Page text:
What has happened at Rogun is happening all over the world. Across Armenia, Georgia, Tajikistan and Kyrgyzstan, the BHRRC’s report finds a total of 265 recorded human rights and environmental issues relating to 32 large hydropower projects. “The hydropower industry model is broken, creating significant social and environmental costs with apparent impunity,” write the authors. “The evidence of human misery and environmental damage… demands urgent attention from the international banks and investors backing these projects.”
A separate 2019 briefing from the BHRRC finds that renewable energy is the sector with the third most frequent allegations of attacks and intimidation of human rights defenders worldwide, behind agribusiness and mining. In addition, hydropower’s human rights abuse allegations outweigh those of other subsectors.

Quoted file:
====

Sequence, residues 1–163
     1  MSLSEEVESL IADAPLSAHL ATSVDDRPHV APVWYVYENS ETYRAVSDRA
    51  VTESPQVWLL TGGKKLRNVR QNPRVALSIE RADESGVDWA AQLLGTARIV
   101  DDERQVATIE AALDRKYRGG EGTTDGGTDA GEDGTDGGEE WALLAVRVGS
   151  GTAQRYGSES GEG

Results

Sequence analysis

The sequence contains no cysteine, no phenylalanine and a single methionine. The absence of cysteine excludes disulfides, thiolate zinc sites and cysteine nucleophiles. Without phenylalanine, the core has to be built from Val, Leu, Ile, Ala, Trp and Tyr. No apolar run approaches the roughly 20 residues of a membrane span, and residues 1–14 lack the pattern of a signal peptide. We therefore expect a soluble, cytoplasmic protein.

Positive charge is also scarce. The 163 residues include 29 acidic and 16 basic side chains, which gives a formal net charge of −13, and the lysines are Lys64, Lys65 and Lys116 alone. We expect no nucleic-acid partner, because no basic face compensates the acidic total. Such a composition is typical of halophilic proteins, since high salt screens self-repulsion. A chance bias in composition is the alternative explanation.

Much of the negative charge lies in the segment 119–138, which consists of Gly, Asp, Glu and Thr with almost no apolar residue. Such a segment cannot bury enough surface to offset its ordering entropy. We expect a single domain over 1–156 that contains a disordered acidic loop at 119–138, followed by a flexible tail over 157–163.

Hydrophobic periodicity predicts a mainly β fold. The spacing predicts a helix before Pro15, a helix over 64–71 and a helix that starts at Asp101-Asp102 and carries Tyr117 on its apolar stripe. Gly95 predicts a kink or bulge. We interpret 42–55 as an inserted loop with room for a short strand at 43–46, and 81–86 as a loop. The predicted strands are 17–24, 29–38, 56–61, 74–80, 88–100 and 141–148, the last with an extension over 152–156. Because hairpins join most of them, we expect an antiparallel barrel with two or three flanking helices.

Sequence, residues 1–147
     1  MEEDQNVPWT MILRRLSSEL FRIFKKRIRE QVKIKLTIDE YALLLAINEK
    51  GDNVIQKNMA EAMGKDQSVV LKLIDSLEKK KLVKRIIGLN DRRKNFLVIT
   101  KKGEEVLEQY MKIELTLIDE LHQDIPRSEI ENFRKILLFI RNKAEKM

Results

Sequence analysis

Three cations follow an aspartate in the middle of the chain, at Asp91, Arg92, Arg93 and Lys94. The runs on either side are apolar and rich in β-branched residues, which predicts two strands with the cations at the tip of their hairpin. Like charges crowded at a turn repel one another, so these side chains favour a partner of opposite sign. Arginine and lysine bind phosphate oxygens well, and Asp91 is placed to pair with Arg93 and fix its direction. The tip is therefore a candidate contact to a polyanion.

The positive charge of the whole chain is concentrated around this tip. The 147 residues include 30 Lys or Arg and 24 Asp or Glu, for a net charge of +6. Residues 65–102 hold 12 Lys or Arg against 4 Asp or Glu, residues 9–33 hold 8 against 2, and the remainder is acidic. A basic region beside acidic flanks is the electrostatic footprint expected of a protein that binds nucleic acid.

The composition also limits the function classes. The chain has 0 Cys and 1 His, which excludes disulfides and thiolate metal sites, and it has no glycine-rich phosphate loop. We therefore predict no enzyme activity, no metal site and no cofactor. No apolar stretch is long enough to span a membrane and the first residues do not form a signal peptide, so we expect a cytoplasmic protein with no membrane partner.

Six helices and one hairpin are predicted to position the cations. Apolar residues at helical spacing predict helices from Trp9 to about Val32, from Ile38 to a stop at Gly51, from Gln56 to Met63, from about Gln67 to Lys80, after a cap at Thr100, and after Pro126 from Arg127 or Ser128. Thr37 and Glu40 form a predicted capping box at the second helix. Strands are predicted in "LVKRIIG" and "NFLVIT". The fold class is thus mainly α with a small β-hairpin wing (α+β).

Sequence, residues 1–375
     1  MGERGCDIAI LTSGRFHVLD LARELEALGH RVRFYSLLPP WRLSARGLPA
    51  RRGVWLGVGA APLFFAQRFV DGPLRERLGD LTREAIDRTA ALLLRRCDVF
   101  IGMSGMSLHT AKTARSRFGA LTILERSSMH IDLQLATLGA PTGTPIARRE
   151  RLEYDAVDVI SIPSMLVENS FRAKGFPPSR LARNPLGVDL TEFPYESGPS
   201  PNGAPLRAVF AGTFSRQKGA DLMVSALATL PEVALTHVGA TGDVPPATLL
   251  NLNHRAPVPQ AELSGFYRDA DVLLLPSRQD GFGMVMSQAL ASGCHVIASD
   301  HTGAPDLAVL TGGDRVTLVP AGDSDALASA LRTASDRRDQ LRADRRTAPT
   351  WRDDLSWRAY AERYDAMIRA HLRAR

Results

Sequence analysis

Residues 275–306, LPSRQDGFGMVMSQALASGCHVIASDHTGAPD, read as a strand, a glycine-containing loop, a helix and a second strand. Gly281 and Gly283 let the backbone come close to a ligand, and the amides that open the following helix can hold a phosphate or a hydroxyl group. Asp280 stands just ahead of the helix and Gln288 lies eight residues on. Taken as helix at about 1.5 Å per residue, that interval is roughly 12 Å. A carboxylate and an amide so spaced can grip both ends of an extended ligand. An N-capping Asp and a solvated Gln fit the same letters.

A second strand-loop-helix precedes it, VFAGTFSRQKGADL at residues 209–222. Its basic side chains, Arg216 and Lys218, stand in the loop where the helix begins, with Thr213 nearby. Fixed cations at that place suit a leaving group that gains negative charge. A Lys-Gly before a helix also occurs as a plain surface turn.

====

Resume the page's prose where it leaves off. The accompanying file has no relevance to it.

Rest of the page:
Of course, large hydropower plants can bring great benefits to communities. A spokesperson from the International Hydropower Association (IHA) told Energy Monitor that hydropower projects can also help communities gain legal status and formal land titles from the government, pointing to another project in Tajikistan, the forthcoming Sebzor Hydropower Project, where this has been the case.
Nevertheless, other commentators suggest the impact on communities is net negative and hydropower's human rights abuses are now so expected that new projects will struggle to gain financial backing. Part of the reason Rogun has been so delayed is because it has repeatedly struggled to find investors to back its development over the years, states the BHRRC report.
“There is a huge amount of untapped hydropower potential around the world, but the myriad of controversies that time and again crop up in these projects is making them unattractive for investors,” says Harry Verhoeven, senior research scholar at the Center on Global Energy Policy, Columbia University, US.